It should be noted that if just the historic terms are summed up (t24m), this yields module shipment rankings by shipped volume only. If the t24m period is then changed to 12 months (ttm), and the point of reference is at year-end (end Q4), then the output is simply the annual module tables, routinely cited by industry observers, but confined in this case to the CIU segments (i.e. non-residential).
Manufacturing supply (S) strength score output
Aside from the manufacturing supply score (S) that forms one part of the overall manufacturing health score (M), there is a wealth of output metrics that arises from the analysis above. However, the main objective here has been to score all PV module suppliers based on the strength of supply going forward, and to benchmark companies with one another over time on a common 0-10 band/scale.
The graph below shows the supply scores (S) for the top 50 module suppliers (by volume) within the analysis, with the t24m periods fixed in this case at the end of each calendar year from 2014 to 2019 for ease of display. Therefore, the 2019 scores should be indicative of the industry as seen today (July 2019).
To help illustrate the value of this analysis, four companies are highlighted in the graphic, characteristic of changes seen within the six-year period illustrated in this case. The companies chosen here are JinkoSolar, First Solar, LONGi Solar, and Yingli Green.
Module supply (S) scores (between 0 and 10) for PV companies, over the period 2014 to 2019, with the trends of JinkoSolar, First Solar, LONGi Solar and Yingli Green evident from the highlighted lines.
The trending fortunes of all PV module suppliers can be understood by looking at the relative t24m scores, whether at calendar year-end (as in the above graphic) or during the year at each quarter-end. The four companies highlighted above serve to illustrate this statement.
Going bottom-to-top in the list of highlighted companies, Yingli Green (a previous market leader) has seen its manufacturing supply strength collapse between 2013 and 2019, despite the company still being a multi-GW module producer. While shipment volumes have been falling in recent years, the decline is mainly coming from overreliance on one regional market (China) that has been subject to various policy and future-demand risk factors over the past 18 months.
LONGi Solar’s supply strength profile is coming mainly from increased module shipments since 2014, with the current upward trend also driven by having a more global end-market reach (that by default helps to smooth out any country/regional specific demand risk).
First Solar’s profile in the graphic above illustrates the impact of having a broader (non-China) end-market supply split, while staying away in recent years from high-risk regions such as India, coupled with greater volumes available from production with new capacity.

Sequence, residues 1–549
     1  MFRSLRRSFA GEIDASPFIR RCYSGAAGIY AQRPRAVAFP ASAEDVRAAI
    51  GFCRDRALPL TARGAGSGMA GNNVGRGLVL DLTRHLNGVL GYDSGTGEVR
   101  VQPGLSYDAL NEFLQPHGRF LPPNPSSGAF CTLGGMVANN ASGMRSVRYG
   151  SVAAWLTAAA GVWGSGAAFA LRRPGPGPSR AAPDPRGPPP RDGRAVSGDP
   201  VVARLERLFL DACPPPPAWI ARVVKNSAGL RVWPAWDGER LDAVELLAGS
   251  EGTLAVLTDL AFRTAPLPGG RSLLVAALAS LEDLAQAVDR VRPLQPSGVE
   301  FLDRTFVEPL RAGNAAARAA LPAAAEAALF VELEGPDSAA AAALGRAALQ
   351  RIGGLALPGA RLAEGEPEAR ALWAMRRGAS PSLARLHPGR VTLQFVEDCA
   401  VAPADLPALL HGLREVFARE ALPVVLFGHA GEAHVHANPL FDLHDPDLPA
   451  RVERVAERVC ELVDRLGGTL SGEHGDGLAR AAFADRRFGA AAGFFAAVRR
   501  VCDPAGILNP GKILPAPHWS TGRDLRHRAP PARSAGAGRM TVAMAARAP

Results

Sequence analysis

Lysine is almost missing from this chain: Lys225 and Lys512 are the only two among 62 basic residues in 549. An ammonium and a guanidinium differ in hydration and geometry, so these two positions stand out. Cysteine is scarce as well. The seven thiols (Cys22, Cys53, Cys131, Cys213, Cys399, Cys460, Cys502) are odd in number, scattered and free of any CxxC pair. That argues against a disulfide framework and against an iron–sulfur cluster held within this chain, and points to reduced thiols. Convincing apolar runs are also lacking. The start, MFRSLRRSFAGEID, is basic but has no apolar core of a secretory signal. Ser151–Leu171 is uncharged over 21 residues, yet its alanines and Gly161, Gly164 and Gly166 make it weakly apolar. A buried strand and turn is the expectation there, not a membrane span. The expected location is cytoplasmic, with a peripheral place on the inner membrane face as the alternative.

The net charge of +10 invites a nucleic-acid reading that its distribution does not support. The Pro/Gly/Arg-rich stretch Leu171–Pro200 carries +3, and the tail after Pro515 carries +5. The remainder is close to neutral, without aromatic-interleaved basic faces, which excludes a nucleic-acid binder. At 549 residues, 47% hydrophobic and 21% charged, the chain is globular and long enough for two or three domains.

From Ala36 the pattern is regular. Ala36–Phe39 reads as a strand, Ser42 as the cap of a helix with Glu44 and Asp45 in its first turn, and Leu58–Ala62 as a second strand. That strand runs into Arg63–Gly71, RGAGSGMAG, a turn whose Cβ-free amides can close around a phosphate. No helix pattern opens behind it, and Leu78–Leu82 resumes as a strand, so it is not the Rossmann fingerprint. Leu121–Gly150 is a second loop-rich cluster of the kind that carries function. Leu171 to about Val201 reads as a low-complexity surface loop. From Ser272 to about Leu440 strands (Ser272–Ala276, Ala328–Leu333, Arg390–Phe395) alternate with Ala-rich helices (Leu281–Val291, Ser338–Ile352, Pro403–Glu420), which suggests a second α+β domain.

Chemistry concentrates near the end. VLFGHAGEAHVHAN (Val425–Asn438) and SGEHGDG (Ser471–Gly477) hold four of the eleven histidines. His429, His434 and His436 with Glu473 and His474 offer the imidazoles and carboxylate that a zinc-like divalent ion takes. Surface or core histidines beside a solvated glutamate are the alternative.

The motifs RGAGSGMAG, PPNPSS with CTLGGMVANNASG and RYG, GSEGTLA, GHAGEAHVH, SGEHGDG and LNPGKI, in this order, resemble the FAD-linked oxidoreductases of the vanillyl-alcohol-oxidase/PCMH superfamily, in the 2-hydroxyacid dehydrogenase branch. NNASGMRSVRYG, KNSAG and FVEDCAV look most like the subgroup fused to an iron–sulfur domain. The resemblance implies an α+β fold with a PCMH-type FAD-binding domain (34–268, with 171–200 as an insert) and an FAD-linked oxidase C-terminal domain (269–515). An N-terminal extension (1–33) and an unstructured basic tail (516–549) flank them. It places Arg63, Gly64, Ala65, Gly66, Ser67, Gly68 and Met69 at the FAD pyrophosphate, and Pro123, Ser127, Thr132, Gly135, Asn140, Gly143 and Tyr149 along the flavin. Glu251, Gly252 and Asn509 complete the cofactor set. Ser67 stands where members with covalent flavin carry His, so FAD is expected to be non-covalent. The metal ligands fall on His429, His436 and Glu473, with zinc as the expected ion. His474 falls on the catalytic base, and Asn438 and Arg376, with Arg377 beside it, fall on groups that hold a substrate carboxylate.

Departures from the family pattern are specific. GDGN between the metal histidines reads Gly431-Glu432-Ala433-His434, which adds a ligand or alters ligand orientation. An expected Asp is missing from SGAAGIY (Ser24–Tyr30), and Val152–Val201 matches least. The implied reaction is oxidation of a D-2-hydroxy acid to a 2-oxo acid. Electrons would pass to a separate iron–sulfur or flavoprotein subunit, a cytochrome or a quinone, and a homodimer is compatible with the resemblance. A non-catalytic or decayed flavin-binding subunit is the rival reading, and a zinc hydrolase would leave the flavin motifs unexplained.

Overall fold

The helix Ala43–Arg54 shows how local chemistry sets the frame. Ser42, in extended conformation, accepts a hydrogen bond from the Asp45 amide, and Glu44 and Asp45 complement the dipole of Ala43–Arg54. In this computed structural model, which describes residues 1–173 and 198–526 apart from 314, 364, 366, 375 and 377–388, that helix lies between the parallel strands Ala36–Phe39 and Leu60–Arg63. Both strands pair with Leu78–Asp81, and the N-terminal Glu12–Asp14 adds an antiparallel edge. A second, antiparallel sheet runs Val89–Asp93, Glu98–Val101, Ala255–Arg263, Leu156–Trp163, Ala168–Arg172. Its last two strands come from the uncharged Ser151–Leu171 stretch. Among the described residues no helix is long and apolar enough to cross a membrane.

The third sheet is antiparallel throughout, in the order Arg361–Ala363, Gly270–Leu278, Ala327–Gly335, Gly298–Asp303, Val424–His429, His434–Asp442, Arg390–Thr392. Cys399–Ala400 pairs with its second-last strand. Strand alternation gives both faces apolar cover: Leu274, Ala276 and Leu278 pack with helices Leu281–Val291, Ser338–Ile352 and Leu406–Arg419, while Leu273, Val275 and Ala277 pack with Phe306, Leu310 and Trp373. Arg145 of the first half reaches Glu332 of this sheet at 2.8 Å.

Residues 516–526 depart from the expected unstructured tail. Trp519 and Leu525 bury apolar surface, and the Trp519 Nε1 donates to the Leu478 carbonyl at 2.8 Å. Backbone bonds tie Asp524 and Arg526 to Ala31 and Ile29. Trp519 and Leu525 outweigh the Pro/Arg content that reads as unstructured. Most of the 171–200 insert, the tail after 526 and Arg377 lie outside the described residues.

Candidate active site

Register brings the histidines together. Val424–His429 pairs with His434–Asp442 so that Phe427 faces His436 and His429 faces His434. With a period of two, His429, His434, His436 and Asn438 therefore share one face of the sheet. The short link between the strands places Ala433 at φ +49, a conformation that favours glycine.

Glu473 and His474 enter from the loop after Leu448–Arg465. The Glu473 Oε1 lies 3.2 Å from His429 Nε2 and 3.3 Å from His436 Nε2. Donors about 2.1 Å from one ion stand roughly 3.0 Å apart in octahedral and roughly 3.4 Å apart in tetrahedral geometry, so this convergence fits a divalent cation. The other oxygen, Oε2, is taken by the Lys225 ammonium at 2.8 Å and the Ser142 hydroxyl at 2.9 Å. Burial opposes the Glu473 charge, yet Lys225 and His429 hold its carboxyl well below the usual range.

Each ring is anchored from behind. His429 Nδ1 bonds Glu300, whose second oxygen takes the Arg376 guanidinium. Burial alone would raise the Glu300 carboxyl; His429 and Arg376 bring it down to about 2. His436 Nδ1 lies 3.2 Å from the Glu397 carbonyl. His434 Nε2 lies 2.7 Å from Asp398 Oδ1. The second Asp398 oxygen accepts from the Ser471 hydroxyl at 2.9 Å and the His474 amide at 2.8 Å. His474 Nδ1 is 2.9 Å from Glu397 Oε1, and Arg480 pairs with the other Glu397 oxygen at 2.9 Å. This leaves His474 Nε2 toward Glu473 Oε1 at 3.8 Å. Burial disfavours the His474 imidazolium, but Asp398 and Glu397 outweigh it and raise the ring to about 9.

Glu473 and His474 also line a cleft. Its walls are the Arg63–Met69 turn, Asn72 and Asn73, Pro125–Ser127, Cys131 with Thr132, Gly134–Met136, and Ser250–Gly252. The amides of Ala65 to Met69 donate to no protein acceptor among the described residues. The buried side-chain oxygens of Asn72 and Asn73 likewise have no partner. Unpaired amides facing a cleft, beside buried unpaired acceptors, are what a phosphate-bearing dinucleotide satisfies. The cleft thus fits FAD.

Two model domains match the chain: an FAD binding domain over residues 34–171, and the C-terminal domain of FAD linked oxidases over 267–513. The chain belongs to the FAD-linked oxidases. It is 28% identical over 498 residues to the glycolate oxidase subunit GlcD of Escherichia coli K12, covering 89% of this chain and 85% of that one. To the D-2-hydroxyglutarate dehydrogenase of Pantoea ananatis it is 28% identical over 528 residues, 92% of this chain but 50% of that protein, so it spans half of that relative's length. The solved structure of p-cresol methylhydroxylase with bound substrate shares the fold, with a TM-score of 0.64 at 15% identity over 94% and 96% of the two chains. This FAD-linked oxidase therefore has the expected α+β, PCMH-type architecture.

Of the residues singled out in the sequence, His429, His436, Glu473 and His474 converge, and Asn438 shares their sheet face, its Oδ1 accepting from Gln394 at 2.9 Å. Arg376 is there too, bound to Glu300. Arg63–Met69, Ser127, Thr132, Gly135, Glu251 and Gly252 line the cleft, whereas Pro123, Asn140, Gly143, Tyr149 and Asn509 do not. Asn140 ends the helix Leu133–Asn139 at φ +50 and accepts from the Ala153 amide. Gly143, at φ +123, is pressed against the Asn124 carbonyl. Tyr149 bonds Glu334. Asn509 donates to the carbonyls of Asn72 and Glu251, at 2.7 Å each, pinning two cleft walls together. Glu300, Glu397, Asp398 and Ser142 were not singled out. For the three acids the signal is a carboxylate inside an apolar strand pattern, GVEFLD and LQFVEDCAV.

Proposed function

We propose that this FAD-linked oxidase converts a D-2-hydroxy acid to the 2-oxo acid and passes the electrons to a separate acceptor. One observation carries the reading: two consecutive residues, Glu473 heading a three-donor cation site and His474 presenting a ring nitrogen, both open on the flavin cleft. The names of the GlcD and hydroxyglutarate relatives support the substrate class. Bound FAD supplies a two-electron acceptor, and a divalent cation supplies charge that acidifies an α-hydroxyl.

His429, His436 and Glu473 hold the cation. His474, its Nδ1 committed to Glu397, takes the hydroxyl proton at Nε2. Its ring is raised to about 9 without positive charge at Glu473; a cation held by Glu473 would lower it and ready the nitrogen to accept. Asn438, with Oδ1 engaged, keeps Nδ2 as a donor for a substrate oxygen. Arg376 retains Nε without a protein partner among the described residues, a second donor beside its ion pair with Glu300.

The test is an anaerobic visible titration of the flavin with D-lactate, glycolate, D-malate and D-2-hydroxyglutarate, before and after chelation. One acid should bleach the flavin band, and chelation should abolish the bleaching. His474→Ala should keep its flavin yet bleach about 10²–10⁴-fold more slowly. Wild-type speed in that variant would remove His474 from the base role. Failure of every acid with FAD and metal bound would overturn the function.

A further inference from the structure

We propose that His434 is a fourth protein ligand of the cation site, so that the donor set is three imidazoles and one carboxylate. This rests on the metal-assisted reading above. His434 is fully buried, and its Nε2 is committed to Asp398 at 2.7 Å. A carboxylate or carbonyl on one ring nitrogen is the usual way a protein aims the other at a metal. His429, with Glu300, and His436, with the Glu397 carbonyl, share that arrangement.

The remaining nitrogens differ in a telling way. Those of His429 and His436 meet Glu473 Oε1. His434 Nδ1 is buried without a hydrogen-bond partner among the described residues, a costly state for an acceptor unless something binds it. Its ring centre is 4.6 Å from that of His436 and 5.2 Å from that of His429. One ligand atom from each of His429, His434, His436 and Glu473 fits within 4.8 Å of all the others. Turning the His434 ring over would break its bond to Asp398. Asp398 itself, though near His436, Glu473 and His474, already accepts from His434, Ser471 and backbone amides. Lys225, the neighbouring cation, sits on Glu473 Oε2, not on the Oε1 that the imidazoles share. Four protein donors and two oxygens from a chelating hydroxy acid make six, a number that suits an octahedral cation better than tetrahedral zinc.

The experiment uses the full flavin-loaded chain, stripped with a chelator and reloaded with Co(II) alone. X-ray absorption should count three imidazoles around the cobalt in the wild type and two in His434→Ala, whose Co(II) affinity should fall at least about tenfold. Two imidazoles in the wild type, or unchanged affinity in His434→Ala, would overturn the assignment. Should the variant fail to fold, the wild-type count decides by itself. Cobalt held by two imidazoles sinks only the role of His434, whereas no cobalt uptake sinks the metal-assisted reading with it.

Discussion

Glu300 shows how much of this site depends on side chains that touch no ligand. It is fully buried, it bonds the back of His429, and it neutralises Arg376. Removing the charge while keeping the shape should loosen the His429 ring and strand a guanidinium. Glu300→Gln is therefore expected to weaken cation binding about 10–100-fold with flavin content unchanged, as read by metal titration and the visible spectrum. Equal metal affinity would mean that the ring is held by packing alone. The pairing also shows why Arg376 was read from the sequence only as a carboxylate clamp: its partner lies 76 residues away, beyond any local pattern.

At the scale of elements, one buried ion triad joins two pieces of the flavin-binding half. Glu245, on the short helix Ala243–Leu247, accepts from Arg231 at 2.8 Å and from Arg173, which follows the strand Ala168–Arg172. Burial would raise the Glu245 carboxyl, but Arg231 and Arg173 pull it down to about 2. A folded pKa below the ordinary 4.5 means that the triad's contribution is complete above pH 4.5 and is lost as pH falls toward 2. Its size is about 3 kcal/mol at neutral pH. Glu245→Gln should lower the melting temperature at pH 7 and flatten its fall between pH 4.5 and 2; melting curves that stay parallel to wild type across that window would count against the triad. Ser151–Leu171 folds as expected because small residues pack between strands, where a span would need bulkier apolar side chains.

Finally, JinkoSolar’s trending and scores (in particular from 2016) illustrates just how dominant the company has become within the industry over the past 2-3 years. Aside from having the greatest shipment volumes recently (by quarter, calendar year or t24m period), the delta between JinkoSolar’s supply score and all other companies is coming from the focus on high-growth, and low risk regions. This is explained in part by the company diverting shipments away from China and India for example during 2018/2019.
JinkoSolar’s leading manufacturing supply strength status is therefore further evidence that companies increasing module shipment levels need to be ahead of the curve in terms of the end-markets that sales/marketing efforts are assigned to, and not simply grabbing market-share in areas that have limited long-term strategic growth potential; more on this topic across the six articles making up this series.
Finally, it should be pointed out also that the methodology above can be adapted to be end-market specific, revealing the strength of supply for all companies into certain regions, at any given time period, and can be used to model the effect of abrupt policy/political changes in the future.
Previewing the next part of the article series
The next article in this series will focus on the middle term in the manufacturing health score analysis; capacity (C). This incorporates the value of module capacity available in-house to each company (segmented by in-house and third-party cell supply) across eight different global manufacturing regions; and how this allows certain companies to be well positioned to navigate trade-related issues based on module (and cell) origin-of-manufacture.
Attend PV ModuleTech 2019 to hear the first presentation on the findings
The full results of the overall study will be released by the PV-Tech market research team before the end of August, with the key findings presented, explained and discussed in the 45 minute opening talk I will be giving at the forthcoming PV ModuleTech 2019 event in Penang on 22-23 October 2019.
PV Tech’s bankability analysis series links are below
Leading ‘Solar Module Super League’ supplier, JinkoSolar has teamed with experts from TÜV NORD and Soltec to provide as usual a technically driven PV Tech ‘TechTalk’ series webinar to further understand the Tiger PRO modules impact on LCOE metrics. Register free now.
PV Tech is hosting a TechTalk Product Series webinar with LONGi Solar to help PV project developers, asset owners and interested parties become aware of the latest in utility-scale PV panel technology, performance and size that is redefining LCOE metrics.
Going into its fifth year over 200 delegates from 150 companies and 20 countries representing the PV supply chain will gather in Malaysia to discuss the technology roadmaps for PV cell advancement in GW markets. The scope of the event has been expanded this year, to cover developments in wafer supply and thin-film investments and technologies alongside all the regular benefits to all stakeholders tracking PV technology and investment trends for the next 5 years.
Understand fully the technical and logistical supply chains that determine the production and performance of solar modules, including all related factors impacting quality, reliability & bankability.